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Moultrie pleads guilty to 2008 murder of Shallotte Realtor

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Co-conspirator Craig Bryant still facing murder, conspiracy and robbery charge

By Caroline Curran, Reporter

BOLIVIA—More than three years after the murder of Shallotte Realtor Adam Bradshaw, one of two defendants charged with his murder has pleaded guilty.

On Thursday, July 14, in Brunswick County Superior Court, Lora Moultrie pleaded guilty to second-degree murder of Bradshaw. Moultrie also pleaded guilty to conspiracy to commit first-degree murder.

A third charge, robbery with a dangerous weapon, was dismissed.

Senior Resident Superior Court Judge Ola Lewis accepted Moultrie’s plea agreement with the state, in which Moultrie became a state’s witness.

Also as part of the plea agreement, Moultrie’s charges were consolidated for the purposes of sentencing into one B2 felony.

Rather than serve the 958-month, or nearly 80-year maximum sentence, she will be sentenced at a later date to between 179 months and 198 months, or 15- to 16-and-a-half years in prison.

As a state’s witness, Moultrie has agreed to cooperate with investigators and prosecutors and testify against her co-conspirator Craig Bryant, who is awaiting trial for first-degree murder, conspiracy and robbery with a dangerous weapon.

Assistant district attorney Lee Bollinger said after the plea hearing he did not know when he would try Bryant.

Lewis also granted a request by Moultrie’s attorney Ed Geddings to transfer Moultrie from the Brunswick County Detention Center for her safety. Geddings said Moultrie has received numerous threats while in custody, and Bryant’s mother was recently arrested for attempting to sneak a weapon to Bryant, which Geddings fears was intended to hurt Moultrie.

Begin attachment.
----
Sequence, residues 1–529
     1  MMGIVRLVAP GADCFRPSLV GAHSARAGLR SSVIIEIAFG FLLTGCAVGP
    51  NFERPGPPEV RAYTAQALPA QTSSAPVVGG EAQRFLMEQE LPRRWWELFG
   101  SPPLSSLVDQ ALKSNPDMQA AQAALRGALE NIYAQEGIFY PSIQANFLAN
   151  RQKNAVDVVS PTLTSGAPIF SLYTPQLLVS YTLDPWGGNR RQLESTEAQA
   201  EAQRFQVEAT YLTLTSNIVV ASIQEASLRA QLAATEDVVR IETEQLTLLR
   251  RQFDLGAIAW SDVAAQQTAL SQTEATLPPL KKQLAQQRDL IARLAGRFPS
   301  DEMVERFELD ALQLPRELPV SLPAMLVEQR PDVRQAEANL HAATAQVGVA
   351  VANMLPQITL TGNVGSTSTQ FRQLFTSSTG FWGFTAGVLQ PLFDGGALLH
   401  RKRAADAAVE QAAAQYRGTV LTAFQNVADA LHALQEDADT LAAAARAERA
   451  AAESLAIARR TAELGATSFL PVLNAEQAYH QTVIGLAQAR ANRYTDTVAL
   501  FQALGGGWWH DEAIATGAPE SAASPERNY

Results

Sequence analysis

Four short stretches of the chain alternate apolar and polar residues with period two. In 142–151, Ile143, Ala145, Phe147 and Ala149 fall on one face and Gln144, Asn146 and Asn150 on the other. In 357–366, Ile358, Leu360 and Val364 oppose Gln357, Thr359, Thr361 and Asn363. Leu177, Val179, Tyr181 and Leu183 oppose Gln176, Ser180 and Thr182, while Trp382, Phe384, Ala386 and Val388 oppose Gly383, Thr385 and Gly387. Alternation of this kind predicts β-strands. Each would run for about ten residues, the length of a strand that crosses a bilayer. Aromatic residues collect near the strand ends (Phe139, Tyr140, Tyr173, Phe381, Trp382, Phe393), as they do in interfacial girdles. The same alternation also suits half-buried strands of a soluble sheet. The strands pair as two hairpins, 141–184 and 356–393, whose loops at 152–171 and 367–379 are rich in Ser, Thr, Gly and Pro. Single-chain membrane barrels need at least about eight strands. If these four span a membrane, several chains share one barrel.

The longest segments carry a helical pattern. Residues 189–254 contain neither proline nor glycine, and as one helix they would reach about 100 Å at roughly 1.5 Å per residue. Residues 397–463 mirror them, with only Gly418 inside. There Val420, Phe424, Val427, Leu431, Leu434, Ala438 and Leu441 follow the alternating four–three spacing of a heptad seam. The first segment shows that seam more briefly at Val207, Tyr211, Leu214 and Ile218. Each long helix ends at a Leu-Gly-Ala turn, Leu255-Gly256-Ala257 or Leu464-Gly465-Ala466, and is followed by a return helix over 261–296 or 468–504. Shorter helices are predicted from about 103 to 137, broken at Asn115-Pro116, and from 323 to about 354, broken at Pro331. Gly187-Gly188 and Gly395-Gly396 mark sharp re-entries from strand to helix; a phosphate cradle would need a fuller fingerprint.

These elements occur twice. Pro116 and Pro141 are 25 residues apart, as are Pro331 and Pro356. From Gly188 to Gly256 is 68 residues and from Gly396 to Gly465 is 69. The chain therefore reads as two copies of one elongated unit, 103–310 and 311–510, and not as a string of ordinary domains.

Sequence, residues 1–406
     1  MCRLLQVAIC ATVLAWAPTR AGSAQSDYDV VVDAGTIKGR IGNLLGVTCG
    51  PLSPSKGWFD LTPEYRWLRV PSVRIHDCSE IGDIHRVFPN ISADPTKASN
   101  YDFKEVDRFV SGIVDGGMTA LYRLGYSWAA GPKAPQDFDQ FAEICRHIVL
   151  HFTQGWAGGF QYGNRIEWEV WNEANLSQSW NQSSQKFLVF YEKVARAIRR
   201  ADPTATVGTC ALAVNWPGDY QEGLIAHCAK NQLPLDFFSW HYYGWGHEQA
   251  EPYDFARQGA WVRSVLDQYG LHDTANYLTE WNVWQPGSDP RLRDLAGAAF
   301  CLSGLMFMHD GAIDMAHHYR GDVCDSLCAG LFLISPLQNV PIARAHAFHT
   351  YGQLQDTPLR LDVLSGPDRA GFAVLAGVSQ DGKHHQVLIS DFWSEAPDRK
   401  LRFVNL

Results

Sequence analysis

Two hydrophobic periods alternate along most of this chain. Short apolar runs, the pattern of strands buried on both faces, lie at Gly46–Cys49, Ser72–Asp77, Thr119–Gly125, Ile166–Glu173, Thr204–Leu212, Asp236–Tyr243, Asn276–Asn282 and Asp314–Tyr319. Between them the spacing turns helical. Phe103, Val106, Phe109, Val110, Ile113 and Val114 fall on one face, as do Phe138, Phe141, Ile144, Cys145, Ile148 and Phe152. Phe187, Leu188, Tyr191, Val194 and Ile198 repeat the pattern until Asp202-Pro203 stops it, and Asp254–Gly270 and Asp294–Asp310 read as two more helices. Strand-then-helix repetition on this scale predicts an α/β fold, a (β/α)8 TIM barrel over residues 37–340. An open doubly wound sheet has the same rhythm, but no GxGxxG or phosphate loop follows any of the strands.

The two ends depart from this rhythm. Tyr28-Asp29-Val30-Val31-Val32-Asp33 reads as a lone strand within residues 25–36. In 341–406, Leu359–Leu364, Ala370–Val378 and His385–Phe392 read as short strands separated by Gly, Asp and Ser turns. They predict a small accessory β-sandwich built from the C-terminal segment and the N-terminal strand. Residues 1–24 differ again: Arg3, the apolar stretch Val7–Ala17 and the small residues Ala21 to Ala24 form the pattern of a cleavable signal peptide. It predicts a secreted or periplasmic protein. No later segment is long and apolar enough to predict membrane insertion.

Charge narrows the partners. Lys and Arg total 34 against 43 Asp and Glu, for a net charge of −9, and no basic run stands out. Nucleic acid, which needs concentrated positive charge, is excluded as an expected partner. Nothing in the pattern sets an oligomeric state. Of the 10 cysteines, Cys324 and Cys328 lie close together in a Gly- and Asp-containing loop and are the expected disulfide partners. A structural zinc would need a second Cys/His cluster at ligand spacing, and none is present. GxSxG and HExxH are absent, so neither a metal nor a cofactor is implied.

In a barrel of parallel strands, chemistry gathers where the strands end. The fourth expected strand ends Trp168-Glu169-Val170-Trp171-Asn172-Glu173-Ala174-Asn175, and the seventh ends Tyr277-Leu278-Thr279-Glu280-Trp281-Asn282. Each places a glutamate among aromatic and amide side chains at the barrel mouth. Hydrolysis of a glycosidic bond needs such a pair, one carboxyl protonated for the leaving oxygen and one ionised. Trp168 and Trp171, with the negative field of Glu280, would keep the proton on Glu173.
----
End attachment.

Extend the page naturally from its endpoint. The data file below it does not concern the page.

Lewis granted her transfer to the North Carolina Department of Corrections women’s facility in Raleigh.

According to the autopsy report, Bradshaw, 34, who lived with his wife Shannon and their young son in the Brierwood community, died from a gunshot wound to the head from a “high-velocity” firearm on April 26, 2008, the day before his wife reported him missing.

Moultrie and Bryant had spent most of the past three years since Bradshaw’s murder on house arrest, but an additional grand jury indictment for robbery with a dangerous weapon this past April put them both back in custody when their bonds were increased. While Moultrie has no prior criminal history, Bryant’s criminal history spans more than 13 years.

According to the Tennessee Department of Corrections, Bryant served almost 10 years at the Western Tennessee State Penitentiary near Memphis for aggravated assault and attempted second-degree murder.

In July 1996, Bryant was indicted on attempted first-degree murder but convicted of aggravated assault and attempted second-degree murder.

Bryant was sentenced to 13 years in prison in July 1997 for the two charges to run consecutively, and was given 468 days of pre-trial jail credit, a spokesperson for the department of corrections said. Bryant’s sentence expired in 2006.

Bryant was paroled several times during his sentence, but each time his parole was revoked.